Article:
I have a motto, it is “You can’t do everything, but you can do something.”. I try hard to live my life by this motto, and I try hard to teach my kids to live their lives by it too.
But, I must say that twice this week I’ve been pretty upset by how I saw different people either talking about, or actually talking to homeless people. Both felt like the person should simply get a job and stop begging. One said so quite meanly directly to the person, the other said so out of hearing but to those around them. I will confess I didn’t say anything to the lady who tore a strip off of the young man today. However, I did stop and put my hand on his shoulder and tell him not to listen to her and I said a few kind and encouraging words. And no I didn’t give him money.
In theory, perhaps it is true that people should get a job and work for their own money. But in my opinion, it is a highly simplified response to a bigger issue. Is there mental illness involved, what are the surrounding circumstances, drug or alcohol or gambling addictions, etc. Not everyone is employable. And, honestly for a homeless person to find employment is even harder. They are often dirty and smelly and just don’t present themselves well. They need a shower and razor and good night’s sleep. Just to name a few. But even that is oversimplified. Yes, there are places out there where they can get these things, but that doesn’t mean that they feel like they can go there. Even more issues like pride and self esteem and so many more are involved.
My beef is with the attitude some people have towards those less fortunate than themselves. I don’t believe in enabling people, but rather giving them a hand up. Many times I’ve given groceries out of my shopping cart or snacks out of my car to those who are hungry. I’ve bought meals for homeless and my daughter and son have both bought coffees on numerous occasions for the homeless. I donate monthly to a local shelter that feeds and clothes and sleeps and educates and houses the homeless and helps them to find long term employment and housing and helps with addictions and mental health.
But I also believe that regardless of how a person got to the street or to the need they are experiencing, they are a person. They are a human being. They are a child of God. They are a son or daughter and sister or brother, a mother or father. There are people who love them. They deserve to be treated with dignity and respect. They deserve to be looked in the eye and spoken to. They deserve to be touched, no matter how filthy or stinky they are. They deserve a hand on the shoulder. Human touch is so important to each of us. But imagine if because of your looks and smell no one looked at you or touched you, you became invisible – because invisible is easier to deal with than the dirty needy person in front of you…who must not want to work and would rather beg to get enough money to eat today.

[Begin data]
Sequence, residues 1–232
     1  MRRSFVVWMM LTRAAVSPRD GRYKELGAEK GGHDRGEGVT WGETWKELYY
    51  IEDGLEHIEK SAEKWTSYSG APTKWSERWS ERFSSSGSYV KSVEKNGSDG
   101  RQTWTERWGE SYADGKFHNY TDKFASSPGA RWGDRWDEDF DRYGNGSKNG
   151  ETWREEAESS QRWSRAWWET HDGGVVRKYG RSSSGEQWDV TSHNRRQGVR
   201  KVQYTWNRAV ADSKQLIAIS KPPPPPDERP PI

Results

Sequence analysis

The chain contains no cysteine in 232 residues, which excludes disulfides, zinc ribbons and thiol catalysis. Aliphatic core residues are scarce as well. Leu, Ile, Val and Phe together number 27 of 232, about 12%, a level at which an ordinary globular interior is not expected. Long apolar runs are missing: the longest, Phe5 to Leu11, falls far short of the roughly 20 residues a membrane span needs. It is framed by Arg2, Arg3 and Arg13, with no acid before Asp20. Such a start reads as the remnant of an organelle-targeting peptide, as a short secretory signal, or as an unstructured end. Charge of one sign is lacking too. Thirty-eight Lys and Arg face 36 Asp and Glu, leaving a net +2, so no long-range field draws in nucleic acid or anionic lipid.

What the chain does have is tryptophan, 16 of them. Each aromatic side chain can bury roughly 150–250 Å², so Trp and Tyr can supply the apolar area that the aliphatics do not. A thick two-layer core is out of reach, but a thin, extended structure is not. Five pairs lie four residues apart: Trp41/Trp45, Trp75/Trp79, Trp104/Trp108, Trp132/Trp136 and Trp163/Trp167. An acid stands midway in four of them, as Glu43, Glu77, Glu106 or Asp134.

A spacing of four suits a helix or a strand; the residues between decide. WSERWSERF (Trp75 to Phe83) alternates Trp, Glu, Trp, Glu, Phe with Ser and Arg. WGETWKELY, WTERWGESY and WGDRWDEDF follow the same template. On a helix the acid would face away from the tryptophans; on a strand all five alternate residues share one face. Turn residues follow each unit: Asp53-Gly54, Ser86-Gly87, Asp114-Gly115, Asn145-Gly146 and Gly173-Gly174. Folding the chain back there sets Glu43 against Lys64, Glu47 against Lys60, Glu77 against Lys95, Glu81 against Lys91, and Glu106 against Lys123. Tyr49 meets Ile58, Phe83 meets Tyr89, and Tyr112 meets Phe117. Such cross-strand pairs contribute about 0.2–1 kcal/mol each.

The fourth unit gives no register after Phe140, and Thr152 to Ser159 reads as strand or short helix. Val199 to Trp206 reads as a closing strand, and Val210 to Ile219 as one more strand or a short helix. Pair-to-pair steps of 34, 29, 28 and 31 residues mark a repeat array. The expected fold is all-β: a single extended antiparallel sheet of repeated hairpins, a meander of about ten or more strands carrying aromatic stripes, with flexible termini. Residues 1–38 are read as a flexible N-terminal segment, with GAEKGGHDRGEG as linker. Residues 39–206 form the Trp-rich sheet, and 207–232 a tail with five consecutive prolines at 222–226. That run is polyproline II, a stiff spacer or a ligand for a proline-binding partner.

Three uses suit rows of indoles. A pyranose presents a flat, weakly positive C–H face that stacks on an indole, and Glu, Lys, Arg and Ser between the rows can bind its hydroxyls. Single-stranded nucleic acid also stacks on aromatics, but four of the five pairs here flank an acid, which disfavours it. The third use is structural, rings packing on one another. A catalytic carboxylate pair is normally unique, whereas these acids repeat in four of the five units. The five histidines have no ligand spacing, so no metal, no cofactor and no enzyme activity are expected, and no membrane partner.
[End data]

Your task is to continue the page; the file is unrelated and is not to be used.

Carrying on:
So, I’m not saying that you need to give money to every or any homeless or needy person. I am saying you need to treat them as you want to be treated. Look them in the eyes and say a kind word. It will likely have them walking away a little bit taller. Dignity, respect, compassion. We all want it, so why don’t we start by giving these things away…I bet they will be returned to you multiplied many times over!
OK, my second beef….
Where is general compassion these days? It seems like often instead of simply helping a person in need, we judge them. We decide that they can’t manage their money or they have an addiction or their need is all their own fault. This may all be true. But it doesn’t negate the immediate need. Yes, we have to be careful not to enable or encourage existing problems. But, sometimes or often, I think we use that excuse as a way to get out of helping at all.
And sometimes, the worst offenders are the ones who have received the most help. Sometimes we get stuck in a rut feeling sorry for ourselves. We think and want to believe that we are the worst person off. We convince ourselves that no one is helping us, so we certainly aren’t going to help anyone else. The reality is that by simply showing compassionate kindness to someone else we are helping ourselves. We are widening our world view. And we are removing ourselves from the center of our own universe. By showing compassionate kindness we are allowing ourselves to experience the gift of helping others. Our actions actually make us happier. They make us feel better. They also help us to see that there are others out there who are worse off than us. And they help us to start to open ourselves up so we can actually honestly see the blessings we DO have.
Life isn’t easy. We all have rough times and difficult things we face. But if we can manage to keep our humanity through it all, manage to see the little blessings in the often big mess…we will find we are happier and healthier.
It is a total myth that money brings happiness. Happiness comes to those who live their lives fully, despite their circumstances. It comes to those who treat others with compassion and respect and kindness. And it comes to those who look at their lives and are able to see the blessings, no matter how small.
So, are you living your life fully, showing compassion and respect and kindness to everyone around you, and counting your blessings no matter how small?